Dig This: Los Gatos swing from pure salsa to Latin jazz on their new album
Los Gatos have kept the Latin music flame burning in Ann Arbor for some 20 years, with essentially the same lineup most of the time. But there have certainly been some changes along the way.
For one, the band has outlasted two of its important homes for regular gigs, the now-defunct Bird of Paradise and the Firefly Club. It’s also undergone a shift in musical styles: Originally conceived as a purely Latin jazz ensemble, in later years the band has found itself getting deeper into salsa.
In fact, the Los Gatos recently released a new album, Guarachéate! -- its third ever, and first since 2007 -- that focuses primarily on the band’s salsa side. It’s a great snapshot of the band’s current sound and it displays their reverence for the music, their instrumental skills, and their joy in sharing what they love.
“I don’t think we could have predicted the band would last this long,” says pianist Brian DiBlassio, recently reflecting on their history.
The band was originally the brainchild of drummer/percussionist Pete Siers, a Saginaw native who stoked his love of Latin jazz with regular visits to Ann Arbor record stores. After moving to Ann Arbor, Siers assembled the right combination of players and tried some gigs at the old Del Rio bar. They realized they were on to something special, but there was a lot of work involved.
They explain that Latin jazz is “an intricate puzzle” in the way instruments interact. “Every instrument is very exposed,” Siers says.
DiBlassio adds, “Each player had to immerse themselves in the music and study it, learn how to play it. It’s not your everyday repertoire.”
As the band built its reputation, it held down regular weekly dates in local clubs, first at the Bird of Paradise and then the Firefly Club, both now long gone. Along the way, Latin dancing became more popular. At one point the band created a makeshift dance floor and started to expand its repertoire to include more authentic salsa.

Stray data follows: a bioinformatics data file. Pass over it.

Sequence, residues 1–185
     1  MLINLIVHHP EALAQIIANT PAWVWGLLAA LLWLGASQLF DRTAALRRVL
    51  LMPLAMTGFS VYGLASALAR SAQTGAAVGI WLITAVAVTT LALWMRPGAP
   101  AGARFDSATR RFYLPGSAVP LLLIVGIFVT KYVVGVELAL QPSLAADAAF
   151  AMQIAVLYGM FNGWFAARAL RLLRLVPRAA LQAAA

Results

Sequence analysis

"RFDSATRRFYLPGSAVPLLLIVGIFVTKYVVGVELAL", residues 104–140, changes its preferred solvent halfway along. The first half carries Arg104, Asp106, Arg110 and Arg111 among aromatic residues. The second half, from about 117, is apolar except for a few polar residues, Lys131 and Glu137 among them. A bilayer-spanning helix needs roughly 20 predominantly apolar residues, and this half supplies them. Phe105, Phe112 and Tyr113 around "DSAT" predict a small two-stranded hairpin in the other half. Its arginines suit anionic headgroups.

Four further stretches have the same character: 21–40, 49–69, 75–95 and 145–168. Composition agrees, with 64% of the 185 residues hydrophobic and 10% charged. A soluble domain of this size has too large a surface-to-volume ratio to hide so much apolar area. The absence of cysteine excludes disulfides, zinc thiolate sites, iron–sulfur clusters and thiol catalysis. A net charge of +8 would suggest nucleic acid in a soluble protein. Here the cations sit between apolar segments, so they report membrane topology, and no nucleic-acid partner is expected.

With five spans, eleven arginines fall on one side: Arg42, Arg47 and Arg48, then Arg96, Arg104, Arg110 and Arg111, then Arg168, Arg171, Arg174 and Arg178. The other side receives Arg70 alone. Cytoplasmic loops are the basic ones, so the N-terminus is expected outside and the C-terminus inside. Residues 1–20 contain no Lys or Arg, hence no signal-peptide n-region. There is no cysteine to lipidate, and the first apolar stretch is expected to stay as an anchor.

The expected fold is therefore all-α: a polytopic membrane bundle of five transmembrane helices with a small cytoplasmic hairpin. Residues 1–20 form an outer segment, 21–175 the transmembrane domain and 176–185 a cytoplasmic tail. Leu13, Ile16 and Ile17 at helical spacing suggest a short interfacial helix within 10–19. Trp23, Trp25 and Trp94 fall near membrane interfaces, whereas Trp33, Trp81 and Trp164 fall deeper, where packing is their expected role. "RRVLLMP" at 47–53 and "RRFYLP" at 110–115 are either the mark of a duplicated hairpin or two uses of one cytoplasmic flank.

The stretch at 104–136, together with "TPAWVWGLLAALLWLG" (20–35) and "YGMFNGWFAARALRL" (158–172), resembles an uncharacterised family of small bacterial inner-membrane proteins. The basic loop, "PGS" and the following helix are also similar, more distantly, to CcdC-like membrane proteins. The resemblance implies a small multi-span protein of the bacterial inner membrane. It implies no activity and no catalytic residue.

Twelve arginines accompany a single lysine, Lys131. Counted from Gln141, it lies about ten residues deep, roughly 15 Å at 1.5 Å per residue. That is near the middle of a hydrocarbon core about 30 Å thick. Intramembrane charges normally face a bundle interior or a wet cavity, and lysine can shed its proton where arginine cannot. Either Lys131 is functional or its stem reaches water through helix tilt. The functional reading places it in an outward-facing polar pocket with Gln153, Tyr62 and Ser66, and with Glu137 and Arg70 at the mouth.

“And then it came to the point where we had to start singing,” Siers says with a chuckle. Owl DiBlassio, Brian’s brother, is the lead singer (and percussionist); the other band members are Kurt Krahnke on bass and Cary Kocher on vibes.
Guarachéate! showcases the band’s abilities on a variety of Latin-themed gems. “La Malanga” kicks things off with an irresistible party atmosphere. “Al Fin Te Vi” is a midtempo instrumental standout. “Barquillero” brings the album to a joyous, danceable conclusion.
“Now we’re going deeper. Now we’re really starting to understand how salsa works,” leader Siers says of the current band. ”This is a lifetime of study, and I think we all appreciate the depth of this.”
The third track on the album, “Inquietacao,” is traditional Latin jazz, an homage to pianist/arranger Clare Fischer, a Michigan native. Recorded at the University of Michigan’s Duderstadt Center, the album takes its title from a Cuban expression meaning “check this out” or “dig this,” DiBlassio explains.
Although Los Gatos are not currently playing a regular weekly gig, one new tradition has sprung up in recent years: The band has held a closing slot every year of the Water Hill Music Fest. Their infectious sounds typically draw a huge crowd that’s not afraid of literally dancing in the streets. The weather, the atmosphere, and the spring season combine into something special, Siers notes: “When all those things are just right, the energy is just amazing.”
Bob Needham is a freelance writer and the former arts & entertainment editor of The Ann Arbor News and AnnArbor.com.